For achieving the above-mentioned objects, the characteristic features of the present invention concern applying a repeating system to an optical fiber communication system using group transmission which transmits PCM information by utilizing an optical fiber group composed of a plurality of optical fibers. According to the present invention, PCM information in an optical fiber communication system is stored in a memory of a sending terminal, stored information is read out by simultaneous clock pulses so as to send out said information to a transmission line which is composed of a plurality of the optical fibers. In a repeater provided in the transmission line, at least one of the following circuits is commonly provided; an AGC circuit, a light element control circuit, a power supply circuit or a supervisory circuit for checking a plurality of signals which is transmitted by the above-mentioned optical fibers. In the repeater, the signals are reproduced simultaneously in accord with clock pulses which are generated from one timing circuit and the phases of the signals are arranged in order for sending out said signals to the transmission line composed of said optical fibers.
Further features and advantages of the present invention will be apparent from the ensuing description, with reference to the accompanying drawings, to which, however, the scope of the invention is no way limited.
FIG. 1 is a block diagram of a sending terminal of the optical PCM group transmission system according to the present invention;
FIG. 2 is a cross-section of an optical fiber group cable which is used in the system according to the present invention;
FIG. 3 is a timing chart of the input information of the sending terminal shown in FIG. 1;
FIG. 4 is a block diagram of the optical PCM group transmission system;
FIG. 5 is a block diagram of a group repeater according to the present invention;
FIG. 6 (FIG. 6A and FIG. 6B) is a time chart of the signals which flow in the group repeater shown in FIG. 5;
FIG. 7 is a one example of an individual unit in the group repeater shown in FIG. 5;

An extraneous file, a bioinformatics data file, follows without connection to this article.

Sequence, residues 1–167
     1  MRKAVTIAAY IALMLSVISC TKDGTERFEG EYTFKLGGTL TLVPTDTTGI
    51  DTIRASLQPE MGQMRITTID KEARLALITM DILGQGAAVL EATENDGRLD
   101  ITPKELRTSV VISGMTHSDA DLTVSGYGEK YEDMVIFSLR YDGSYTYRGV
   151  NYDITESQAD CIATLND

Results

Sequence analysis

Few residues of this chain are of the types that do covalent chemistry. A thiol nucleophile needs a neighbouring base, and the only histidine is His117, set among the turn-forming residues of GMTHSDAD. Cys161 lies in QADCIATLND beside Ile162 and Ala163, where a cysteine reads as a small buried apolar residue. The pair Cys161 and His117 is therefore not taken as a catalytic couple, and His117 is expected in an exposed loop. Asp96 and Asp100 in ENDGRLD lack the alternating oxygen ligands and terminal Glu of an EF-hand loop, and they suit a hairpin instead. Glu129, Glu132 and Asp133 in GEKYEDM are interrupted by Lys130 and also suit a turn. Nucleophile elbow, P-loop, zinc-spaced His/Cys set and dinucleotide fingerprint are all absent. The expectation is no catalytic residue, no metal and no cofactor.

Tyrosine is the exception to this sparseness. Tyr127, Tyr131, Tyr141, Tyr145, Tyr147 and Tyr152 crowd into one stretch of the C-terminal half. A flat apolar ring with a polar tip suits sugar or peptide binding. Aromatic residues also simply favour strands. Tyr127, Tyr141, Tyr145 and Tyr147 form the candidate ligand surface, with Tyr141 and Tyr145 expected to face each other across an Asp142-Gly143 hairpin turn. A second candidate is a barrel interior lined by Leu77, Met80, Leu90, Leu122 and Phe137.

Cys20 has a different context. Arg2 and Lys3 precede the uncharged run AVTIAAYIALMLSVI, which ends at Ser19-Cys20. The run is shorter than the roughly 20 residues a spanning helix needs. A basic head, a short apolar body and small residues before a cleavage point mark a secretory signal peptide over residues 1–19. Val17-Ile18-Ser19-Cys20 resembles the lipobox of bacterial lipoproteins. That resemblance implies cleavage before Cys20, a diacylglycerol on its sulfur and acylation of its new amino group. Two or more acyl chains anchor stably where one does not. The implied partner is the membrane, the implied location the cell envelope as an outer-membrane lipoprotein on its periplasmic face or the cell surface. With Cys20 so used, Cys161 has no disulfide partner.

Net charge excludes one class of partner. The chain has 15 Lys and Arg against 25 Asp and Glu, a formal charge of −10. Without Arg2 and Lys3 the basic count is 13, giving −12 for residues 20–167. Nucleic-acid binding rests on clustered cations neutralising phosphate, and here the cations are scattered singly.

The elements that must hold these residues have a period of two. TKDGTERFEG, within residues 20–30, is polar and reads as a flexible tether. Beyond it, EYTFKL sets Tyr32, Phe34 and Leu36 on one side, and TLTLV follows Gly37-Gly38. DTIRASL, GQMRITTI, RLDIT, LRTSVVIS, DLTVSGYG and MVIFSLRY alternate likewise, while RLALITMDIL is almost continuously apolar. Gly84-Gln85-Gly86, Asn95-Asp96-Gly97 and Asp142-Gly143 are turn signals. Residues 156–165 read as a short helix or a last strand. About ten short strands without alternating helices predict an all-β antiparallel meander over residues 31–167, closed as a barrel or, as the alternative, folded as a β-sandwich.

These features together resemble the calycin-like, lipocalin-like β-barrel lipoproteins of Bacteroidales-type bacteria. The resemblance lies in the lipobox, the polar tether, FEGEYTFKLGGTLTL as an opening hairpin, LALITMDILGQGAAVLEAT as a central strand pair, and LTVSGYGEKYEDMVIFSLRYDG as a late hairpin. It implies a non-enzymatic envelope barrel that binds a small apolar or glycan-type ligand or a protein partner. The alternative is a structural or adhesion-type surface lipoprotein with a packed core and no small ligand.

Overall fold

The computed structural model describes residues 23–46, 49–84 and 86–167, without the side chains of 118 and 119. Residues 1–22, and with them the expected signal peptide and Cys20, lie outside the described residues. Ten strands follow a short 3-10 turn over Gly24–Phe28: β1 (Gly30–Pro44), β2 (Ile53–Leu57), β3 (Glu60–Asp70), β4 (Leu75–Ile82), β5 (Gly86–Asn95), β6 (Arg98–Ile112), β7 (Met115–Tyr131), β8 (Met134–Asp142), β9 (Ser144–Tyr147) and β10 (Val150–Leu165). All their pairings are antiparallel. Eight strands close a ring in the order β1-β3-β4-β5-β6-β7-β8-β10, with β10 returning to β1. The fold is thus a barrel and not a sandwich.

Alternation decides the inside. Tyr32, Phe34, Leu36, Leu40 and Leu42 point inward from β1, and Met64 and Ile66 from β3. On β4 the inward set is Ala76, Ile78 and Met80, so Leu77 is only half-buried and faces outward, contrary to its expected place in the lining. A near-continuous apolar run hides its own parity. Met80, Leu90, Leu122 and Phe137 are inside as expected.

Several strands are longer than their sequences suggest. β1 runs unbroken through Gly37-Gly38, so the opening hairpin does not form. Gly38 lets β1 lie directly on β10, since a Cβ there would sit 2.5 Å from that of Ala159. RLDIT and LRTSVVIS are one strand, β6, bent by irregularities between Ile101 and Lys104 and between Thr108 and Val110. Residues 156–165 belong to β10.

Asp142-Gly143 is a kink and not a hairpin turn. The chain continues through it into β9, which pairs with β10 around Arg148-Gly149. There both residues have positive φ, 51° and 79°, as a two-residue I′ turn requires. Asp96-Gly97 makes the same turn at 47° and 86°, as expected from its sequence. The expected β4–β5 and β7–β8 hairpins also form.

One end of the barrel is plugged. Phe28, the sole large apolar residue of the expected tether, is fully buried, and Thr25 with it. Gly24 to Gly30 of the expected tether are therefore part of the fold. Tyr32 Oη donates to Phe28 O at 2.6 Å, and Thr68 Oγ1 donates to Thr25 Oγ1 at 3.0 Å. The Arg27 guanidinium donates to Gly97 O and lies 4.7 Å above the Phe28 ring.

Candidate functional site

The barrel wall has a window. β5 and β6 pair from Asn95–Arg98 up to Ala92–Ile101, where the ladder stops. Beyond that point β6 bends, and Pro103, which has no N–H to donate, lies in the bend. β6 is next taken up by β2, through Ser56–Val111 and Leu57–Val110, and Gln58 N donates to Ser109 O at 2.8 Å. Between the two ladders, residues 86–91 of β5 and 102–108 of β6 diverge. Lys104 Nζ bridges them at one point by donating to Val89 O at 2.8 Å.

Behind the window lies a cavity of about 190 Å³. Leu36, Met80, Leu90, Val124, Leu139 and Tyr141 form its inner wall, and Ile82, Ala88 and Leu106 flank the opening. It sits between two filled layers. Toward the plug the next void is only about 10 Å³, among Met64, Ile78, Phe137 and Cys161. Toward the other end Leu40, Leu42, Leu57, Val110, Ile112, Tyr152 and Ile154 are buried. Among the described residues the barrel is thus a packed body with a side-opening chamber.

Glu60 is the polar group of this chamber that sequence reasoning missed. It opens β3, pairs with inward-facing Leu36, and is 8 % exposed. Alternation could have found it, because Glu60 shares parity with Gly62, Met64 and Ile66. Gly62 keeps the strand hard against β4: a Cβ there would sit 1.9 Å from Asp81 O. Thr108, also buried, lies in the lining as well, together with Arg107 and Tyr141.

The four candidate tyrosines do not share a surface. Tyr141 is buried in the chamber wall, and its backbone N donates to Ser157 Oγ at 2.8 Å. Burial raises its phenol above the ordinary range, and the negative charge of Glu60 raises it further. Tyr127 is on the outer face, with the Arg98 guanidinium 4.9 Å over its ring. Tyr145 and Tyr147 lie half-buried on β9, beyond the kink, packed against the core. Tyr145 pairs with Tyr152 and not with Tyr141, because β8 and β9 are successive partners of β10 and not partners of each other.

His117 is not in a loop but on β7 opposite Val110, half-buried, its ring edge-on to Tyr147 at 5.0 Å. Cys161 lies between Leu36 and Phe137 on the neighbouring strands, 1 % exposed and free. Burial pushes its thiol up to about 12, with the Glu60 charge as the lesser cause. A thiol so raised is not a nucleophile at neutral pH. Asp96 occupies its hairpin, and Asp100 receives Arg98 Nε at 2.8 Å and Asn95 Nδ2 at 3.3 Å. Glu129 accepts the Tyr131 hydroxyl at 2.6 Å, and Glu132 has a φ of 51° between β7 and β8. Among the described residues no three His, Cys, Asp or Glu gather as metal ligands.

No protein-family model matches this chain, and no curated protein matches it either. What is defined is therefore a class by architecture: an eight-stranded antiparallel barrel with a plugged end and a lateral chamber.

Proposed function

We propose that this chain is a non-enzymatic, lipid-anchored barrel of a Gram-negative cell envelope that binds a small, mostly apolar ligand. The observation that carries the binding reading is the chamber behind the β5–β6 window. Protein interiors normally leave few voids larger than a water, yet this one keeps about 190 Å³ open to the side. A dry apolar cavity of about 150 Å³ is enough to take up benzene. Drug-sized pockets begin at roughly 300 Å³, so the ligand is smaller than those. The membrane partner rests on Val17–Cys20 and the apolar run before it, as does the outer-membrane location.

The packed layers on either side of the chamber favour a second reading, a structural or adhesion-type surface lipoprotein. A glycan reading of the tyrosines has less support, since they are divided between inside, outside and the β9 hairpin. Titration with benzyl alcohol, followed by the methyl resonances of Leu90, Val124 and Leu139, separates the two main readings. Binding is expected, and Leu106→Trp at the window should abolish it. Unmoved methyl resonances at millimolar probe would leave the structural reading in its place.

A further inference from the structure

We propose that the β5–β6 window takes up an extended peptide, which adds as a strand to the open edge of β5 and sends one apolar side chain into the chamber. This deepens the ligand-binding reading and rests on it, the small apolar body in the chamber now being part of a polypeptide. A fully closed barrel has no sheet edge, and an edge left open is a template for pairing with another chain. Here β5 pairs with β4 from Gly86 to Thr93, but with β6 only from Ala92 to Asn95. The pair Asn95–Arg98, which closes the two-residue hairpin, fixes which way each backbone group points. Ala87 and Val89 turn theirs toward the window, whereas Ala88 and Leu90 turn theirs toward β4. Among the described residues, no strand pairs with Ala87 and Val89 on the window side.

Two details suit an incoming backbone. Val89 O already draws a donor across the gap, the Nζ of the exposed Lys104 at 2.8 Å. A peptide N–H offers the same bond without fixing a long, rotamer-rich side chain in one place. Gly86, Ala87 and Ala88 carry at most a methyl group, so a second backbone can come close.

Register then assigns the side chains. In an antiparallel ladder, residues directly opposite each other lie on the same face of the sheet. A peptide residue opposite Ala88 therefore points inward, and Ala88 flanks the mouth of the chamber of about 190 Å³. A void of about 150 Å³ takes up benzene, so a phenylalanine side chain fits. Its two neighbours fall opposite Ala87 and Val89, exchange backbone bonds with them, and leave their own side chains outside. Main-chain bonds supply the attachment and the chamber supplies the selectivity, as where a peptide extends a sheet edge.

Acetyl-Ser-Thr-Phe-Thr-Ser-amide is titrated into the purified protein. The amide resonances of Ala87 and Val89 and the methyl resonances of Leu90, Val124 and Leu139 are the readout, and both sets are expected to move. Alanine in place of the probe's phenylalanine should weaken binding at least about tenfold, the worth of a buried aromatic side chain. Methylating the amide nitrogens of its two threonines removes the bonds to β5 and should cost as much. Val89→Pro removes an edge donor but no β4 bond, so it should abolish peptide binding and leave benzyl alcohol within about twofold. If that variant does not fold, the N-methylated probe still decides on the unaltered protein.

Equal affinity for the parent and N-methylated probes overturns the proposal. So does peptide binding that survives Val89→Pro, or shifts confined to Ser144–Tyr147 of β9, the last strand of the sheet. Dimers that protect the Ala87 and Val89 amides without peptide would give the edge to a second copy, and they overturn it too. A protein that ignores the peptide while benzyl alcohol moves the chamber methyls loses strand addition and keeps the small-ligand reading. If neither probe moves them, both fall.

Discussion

FIGS. 8A through 8D are examples of a common unit in the group repeater shown in FIG. 5;
FIG. 9A shows a block diagram of the sending terminal which sends a check bit. FIG. 9B shows a block diagram of a detector circuit shown in FIG. 9A;
FIG. 10A shows a block diagram of the group repeater including the supervisory circuit shown in FIG. 5. FIG. 10B is a block diagram including a detector and an error pulse generator shown in FIG. 10A;
FIG. 11A is a block diagram of a display circuit which is provided in terminal and indicates a repeater which has an error. FIG. 11B shows waveforms of the signals which are created in the display circuit shown in FIG. 11A.
Referring to FIG. 1, "n" pieces of PCM information, which are time division multiplexed, are stored in parallel via n inputs in a memory 11. Phases of the stored information are arranged by simultaneous clock pulses which are generated in a clock source 12. The information is converted into a plurality of optical outputs by an electro-optic converter 13 for sending out said outputs to an optical fiber group 15. The optical fiber group 15 used in the present invention is shown in detail in FIG. 2. As shown in FIG. 2, the optical fiber group or light cable 15 is composed of a group of optical fibers 16, a conductor 17 and a sheath 18. Power from a power source 14 (FIG. 1) is supplied via the conductor 17 to a group repeater (shown in FIG. 5).